Women’s culture and sport

The project not only focuses on covering basic needs such as food and access to drinking water, but also promotes cultural and sports programmes based on gender equality.

For example, SALUGANDA Elkartea has been supporting women’s school sport for several years with sports material donated by different sports entities such as Athletic Club, Real Sociedad, Alavés CD, Danok Bat CF, Mungia CD and Singuerlín CF and this year several football and netball matches have been held between different schools participating in the programme. “They are a good opportunity to strengthen ties between schools and, above all, to promote gender equality in the local communities. Many neighbours come to watch the games and at first they were surprised to see the girls playing, but now they see it as normal and it’s impressive how they cheer them on and the festive atmosphere that is generated. Roberto can tell you about it, he was the referee!” laughs Iker Mijangos.

Cultural exchange is another fundamental aspect. For years the students of the 9 Ugandan schools participating in the project have been exchanging letters with other schools in the Basque Country: Plentzia Eskola, Gorliz Ikastetxea, Urduliz Eskola, Zipiriñe Eskola, Ignacio Aldekoa Eskola, Lauro Ikastola, La Salle Ikastetxea, Otxandio Eskola and Zeanuri Eskola, with the volunteers from Saluganda bringing the letters back and forth during their coordination trips. This interaction not only serves to practice their level of English (the language used in the Ugandan education system) but also brings North-South realities closer together, encourages empathy-solidarity and allows pupils from both centres to learn from each other.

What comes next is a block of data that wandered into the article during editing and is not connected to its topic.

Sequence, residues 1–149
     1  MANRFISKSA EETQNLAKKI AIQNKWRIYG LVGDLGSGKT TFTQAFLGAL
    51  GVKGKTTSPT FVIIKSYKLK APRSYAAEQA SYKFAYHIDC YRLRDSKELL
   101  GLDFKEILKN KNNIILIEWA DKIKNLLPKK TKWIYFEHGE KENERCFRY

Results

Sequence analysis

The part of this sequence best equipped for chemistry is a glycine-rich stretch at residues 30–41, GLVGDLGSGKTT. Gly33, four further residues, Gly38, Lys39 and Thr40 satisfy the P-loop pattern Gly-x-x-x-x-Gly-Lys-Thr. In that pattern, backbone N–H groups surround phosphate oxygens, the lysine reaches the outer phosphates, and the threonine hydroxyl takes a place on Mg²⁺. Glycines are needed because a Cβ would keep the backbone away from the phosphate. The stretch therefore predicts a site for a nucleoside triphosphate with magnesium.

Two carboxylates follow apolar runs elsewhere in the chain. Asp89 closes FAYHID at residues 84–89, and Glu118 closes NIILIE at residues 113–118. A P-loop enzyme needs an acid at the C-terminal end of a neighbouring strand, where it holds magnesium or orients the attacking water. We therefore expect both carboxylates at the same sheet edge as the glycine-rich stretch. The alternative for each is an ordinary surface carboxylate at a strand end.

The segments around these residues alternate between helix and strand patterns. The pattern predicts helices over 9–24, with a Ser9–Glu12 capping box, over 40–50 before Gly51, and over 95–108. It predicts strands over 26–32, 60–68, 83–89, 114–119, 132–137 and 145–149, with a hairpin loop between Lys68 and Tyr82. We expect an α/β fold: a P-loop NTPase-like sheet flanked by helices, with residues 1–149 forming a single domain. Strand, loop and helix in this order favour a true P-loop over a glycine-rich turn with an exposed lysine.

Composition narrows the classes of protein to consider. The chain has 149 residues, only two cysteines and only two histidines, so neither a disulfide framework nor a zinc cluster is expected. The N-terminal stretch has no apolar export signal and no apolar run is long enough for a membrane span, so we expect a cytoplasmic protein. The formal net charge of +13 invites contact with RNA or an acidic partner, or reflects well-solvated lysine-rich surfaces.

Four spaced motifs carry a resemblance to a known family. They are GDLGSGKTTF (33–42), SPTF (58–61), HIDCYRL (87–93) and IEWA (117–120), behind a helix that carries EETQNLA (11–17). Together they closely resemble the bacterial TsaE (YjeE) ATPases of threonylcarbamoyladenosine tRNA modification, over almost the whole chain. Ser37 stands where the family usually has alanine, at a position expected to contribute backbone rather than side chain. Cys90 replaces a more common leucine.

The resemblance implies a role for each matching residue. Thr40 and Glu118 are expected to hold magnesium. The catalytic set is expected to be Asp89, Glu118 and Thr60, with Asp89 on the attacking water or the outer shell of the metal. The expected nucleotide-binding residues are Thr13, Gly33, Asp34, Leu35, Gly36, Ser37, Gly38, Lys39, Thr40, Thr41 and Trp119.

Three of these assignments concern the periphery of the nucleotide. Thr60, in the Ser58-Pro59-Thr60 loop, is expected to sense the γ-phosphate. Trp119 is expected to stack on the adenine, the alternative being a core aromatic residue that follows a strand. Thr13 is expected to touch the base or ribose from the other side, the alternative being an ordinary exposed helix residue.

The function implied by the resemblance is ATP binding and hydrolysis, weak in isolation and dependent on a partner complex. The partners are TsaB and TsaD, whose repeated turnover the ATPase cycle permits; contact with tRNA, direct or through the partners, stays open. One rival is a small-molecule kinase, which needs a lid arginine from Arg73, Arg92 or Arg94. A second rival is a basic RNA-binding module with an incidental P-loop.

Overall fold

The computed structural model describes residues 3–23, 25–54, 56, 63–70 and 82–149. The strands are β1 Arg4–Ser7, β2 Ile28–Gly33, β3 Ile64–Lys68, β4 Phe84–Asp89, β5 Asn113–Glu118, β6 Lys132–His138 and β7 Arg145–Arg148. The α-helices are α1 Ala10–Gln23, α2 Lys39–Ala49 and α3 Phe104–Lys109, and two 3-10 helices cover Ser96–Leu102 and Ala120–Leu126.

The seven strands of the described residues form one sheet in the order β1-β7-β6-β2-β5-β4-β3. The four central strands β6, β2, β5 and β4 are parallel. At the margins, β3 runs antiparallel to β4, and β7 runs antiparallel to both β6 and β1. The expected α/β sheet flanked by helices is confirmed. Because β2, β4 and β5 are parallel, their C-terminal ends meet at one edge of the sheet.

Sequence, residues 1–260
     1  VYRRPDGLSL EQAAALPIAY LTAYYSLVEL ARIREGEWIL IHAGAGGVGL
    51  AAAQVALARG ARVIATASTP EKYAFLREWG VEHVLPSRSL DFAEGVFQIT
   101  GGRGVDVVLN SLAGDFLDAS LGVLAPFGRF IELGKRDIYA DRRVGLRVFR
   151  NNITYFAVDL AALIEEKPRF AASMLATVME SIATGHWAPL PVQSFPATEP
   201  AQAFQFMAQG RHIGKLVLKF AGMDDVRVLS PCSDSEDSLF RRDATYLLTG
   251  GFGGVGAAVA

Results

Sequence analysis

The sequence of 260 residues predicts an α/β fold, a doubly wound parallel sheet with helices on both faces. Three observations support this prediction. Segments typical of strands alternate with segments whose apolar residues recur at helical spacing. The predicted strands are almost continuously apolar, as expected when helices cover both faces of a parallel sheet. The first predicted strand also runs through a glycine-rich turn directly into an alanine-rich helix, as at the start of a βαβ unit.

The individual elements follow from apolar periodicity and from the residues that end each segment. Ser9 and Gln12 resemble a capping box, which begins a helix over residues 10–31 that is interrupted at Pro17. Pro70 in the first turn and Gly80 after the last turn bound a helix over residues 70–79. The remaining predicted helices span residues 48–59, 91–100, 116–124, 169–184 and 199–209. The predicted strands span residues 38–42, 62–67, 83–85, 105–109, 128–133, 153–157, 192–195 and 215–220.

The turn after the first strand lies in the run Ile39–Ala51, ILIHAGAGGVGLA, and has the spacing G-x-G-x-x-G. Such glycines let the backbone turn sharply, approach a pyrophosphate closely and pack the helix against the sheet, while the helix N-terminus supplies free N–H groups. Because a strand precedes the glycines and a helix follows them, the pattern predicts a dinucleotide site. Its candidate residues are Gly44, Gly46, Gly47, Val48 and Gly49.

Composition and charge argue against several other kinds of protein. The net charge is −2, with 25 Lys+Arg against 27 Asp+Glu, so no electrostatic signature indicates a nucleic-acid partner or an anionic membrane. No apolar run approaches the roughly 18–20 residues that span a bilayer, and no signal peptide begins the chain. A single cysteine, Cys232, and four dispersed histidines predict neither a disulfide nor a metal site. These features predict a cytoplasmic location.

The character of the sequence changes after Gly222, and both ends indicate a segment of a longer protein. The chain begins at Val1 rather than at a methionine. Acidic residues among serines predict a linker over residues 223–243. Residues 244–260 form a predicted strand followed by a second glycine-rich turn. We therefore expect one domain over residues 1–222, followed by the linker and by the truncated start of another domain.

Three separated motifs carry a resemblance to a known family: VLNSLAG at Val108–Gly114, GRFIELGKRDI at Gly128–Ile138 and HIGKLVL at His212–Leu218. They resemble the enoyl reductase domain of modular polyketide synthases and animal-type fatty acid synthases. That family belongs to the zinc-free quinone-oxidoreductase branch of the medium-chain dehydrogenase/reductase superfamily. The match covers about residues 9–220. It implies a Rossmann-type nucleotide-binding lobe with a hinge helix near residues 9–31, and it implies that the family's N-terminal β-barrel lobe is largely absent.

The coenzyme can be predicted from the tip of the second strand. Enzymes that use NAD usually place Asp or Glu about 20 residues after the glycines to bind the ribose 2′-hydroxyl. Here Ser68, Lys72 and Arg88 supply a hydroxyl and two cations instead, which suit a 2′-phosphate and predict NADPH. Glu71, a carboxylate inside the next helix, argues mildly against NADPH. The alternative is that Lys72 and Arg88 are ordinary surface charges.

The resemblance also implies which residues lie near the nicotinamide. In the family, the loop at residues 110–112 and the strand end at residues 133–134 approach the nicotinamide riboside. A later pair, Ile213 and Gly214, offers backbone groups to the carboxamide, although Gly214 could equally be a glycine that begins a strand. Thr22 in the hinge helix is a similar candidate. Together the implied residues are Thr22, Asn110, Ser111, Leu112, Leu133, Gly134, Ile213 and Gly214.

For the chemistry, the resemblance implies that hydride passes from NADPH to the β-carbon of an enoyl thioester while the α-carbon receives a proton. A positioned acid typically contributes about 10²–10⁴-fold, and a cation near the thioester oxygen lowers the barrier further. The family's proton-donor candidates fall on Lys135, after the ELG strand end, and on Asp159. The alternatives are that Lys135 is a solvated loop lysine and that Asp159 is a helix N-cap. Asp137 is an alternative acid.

Relationship between NEIKER and SALUGANDA Elkartea

The “Health in Uganda – SALUGANDA” initiative started in 2011 at NEIKER, where several researchers began to contribute their knowledge to improve hygiene, food and agri-environmental education in two schools in the Buikwe district of Uganda.

Subsequently, in 2020, the SALUGANDA Elkartea Association was set up as its own entity to meet the needs of a project that was adding schools and groups of livestock farming women, until it reached 4,591 students and 50 livestock farming families that currently benefit directly from the project.

From NEIKER, in addition to financially supporting the different activities promoted by the association since then, we maintain a collaboration agreement that we renew every year. Thanks to this agreement, the technology centre is also responsible for carrying out soil and compost analyses to optimise the management of the organic waste produced in schools.

In addition, every year we host the Solidarity Pumpkin and Coleteros Solidarity Sale Day at our headquarters in Derio, which serves to generate new funds for the project. Some of our workers even sew these beads in their free time and others are members of the association on a personal basis, with voluntary membership fees. All this allows us to generate an annual budget that is spent entirely on the activities agreed with the schools and women’s cooperatives in Uganda, as the Saluganda team is made up solely of volunteers who contribute their work without any financial remuneration.